Rapper Dominique Larue long approached her music like Muhammad Ali stepping up to the podium, filling her verses with over-the-top boasts about her verbal dexterity and blow-by-blow accounts of the various lyrical beat downs she was gearing up to inflict on those rival MCs who dared cross her path.
But on the recently completed Grand, which Larue will unleash at a record release party at Double Happiness on Friday, April 4, the rapper finally drops her guard, paying homage to family members both departed (“Attucks,” for one, includes a tribute to her late grandmother, who died before the MC was born) and new to the fold (“Feels Good,” the first song the rapper has penned about her son).
“I'm from the whole battling aspect of rapping, so when I first started creating music it was about saying, ‘I'm better than you,’” said Larue, born Dominique Owens 29 years ago, in a late March phone interview. “As time went on I was like, ‘OK, let me open up a little more about the things I go through every day.’ I think it has to do with growth. When you're creating music you don't want to make the same thing every time out.”
This new direction was influenced in large part by the rich, soulful backdrops constructed by Maja 7th. The Washington D.C.-based producer, born Michael Chamberlin, imbued his beats with a heavenly quality, crafting a lace-delicate backdrop awash in lush strings and flowering beds of horn. These gentler arrangements, in turn, helped inform Larue’s more introspective approach.
“I don't write at all before I listen to the beats. I might jot down ideas — huge might — but I tend to let the music take me wherever,” the rapper said. “I'm really private when it comes to [my son]. That's just the mother in me. But when I heard the beat that's just how I felt. It was like, ‘Yo, I've gotta talk about my son on this one.’”
Larue, who was born and raised in Columbus, crafted her earliest rhymes at the age of 7, and was the first rapper to earn a degree from Fort Hayes Arts and Academic High School, an arts-intensive institution on the northeast outskirts of Downtown where she studied vocational music. In addition to heightening her musical acumen — “You couldn’t sit around and write raps all day [at Fort Hayes], so I studied piano as well,” she said — the program allowed the burgeoning MC to perform in spaces musicians tended only to visit when stricken by illness (Riverside Hospital) or when checking in for an extended vacation stay (the lobby of a downtown hotel). It also forced Larue to increase her vocabulary, since curse words were strictly forbidden in school-related showcases.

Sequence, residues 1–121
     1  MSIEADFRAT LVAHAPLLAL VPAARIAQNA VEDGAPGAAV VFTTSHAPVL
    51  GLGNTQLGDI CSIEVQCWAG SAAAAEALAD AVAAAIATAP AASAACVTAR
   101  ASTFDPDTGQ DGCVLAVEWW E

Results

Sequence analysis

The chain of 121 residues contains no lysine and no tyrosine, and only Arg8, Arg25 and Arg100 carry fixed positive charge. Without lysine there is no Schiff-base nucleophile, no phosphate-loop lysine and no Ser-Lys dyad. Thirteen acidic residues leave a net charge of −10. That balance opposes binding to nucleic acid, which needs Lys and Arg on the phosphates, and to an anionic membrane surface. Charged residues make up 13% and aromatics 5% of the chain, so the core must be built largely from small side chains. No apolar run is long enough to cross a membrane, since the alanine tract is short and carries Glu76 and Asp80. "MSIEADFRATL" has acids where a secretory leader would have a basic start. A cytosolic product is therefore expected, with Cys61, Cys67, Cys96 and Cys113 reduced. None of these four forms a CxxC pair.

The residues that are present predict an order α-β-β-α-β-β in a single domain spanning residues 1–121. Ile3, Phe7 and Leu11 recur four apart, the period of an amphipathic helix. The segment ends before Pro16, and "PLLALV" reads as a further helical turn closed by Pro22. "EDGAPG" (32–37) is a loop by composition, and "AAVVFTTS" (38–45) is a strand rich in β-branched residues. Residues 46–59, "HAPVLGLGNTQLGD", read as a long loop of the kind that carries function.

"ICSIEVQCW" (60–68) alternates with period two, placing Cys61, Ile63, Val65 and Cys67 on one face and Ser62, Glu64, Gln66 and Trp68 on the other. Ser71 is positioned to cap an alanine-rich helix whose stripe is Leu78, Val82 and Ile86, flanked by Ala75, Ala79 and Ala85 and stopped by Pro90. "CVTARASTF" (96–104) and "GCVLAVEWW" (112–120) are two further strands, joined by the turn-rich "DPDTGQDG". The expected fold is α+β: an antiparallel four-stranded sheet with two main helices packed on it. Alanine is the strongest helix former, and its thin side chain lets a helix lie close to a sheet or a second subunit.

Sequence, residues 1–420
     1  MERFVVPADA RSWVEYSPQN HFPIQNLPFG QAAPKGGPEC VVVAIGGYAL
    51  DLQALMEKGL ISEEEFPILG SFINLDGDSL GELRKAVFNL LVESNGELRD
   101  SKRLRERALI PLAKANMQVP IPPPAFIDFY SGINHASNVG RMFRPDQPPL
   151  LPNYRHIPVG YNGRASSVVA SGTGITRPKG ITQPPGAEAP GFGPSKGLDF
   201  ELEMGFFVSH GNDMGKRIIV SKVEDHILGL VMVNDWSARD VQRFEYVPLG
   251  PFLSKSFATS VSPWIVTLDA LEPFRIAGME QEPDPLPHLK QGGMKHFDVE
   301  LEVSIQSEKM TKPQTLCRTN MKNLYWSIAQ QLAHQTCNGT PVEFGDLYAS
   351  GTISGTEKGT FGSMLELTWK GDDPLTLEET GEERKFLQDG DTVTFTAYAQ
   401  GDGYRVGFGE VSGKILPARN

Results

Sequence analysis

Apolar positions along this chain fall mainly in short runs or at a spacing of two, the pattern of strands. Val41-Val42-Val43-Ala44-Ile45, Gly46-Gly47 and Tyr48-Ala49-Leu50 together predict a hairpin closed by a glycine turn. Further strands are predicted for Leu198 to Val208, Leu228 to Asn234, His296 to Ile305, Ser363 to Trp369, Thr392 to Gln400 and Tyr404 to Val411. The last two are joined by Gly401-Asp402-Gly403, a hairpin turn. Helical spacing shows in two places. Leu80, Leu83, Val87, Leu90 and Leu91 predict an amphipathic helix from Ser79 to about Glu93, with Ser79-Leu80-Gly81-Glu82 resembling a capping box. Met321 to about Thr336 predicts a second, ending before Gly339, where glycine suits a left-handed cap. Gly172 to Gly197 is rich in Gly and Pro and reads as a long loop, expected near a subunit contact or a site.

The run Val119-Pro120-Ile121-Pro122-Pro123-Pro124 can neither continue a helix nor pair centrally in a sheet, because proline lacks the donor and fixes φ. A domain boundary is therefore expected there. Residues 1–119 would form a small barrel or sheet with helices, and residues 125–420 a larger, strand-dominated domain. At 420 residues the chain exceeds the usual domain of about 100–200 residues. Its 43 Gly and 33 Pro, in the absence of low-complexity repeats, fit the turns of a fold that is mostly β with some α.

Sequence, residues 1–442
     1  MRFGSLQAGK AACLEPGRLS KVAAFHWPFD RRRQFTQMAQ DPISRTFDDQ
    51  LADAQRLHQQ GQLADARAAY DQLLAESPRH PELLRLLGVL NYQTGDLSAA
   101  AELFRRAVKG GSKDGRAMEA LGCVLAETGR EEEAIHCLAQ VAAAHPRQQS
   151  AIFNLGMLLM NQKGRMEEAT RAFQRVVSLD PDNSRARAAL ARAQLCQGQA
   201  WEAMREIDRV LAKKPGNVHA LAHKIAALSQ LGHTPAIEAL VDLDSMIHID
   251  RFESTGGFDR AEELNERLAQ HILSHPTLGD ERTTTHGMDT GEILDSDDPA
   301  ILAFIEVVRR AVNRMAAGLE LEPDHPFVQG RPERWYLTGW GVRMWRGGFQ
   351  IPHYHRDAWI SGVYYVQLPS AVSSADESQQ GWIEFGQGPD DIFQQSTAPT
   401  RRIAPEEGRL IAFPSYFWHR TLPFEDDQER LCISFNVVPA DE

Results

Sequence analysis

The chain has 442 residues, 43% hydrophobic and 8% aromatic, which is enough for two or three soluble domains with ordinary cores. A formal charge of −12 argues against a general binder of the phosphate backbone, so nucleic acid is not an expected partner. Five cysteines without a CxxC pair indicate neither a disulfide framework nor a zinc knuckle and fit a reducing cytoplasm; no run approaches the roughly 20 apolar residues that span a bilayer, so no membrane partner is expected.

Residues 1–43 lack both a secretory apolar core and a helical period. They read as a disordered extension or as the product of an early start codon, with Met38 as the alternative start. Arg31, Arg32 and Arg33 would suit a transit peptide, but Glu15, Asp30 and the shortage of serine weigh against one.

“I couldn't cuss, and back then I used to cuss a lot,” she said, and laughed. “Going through that experience it was like, ‘OK, how many words are there in the English language? Then why do I keep going back and using those same four words over and over again?’ It definitely broadened my horizons.”
It’s a shift that even bled over into her choice of reading material, and during her freshman year of high school Larue would often find herself thumbing through the dictionary as though it was YA fiction. Soon after, she adopted the name Intalekt, a short-lived moniker chosen to better reflect her rapidly expanding vocabulary.
While Larue has long had a love affair with hip-hop — her influences stretch from De La Soul and Queen Latifah to Lauryn Hill and Outkast’s Andre 3000 — she also takes inspiration from artists that fall well outside that musical sphere, including Fiona Apple, Amy Winehouse and, uh, John Denver.
“I know this is going to sound crazy, but [Denver’s] music almost sounds like hip-hop to me with the way he puts his words together,” Larue said. “When I'm looking for inspiration I always look to people I think are dope, regardless of [genre]. Songwriting is such an incredible art, and creatively speaking I just want to make sure I reach that next plateau.”
Considering how far the MC has come, it’d be a mistake to bet against her.
The first time Larue stepped into a professional recording studio with producer DJ O Sharp she said she was completely lost. “He would get so flustered … like, ‘You gotta surf the beat. You gotta surf it!’” she said. “And I was like, ‘What do you even mean?’”
“Now I know what it means, and I know how to flow with the beat and project my voice,” Larue said. “As the years go by you just get better each time out. Now it’s really second nature.”
Red August photo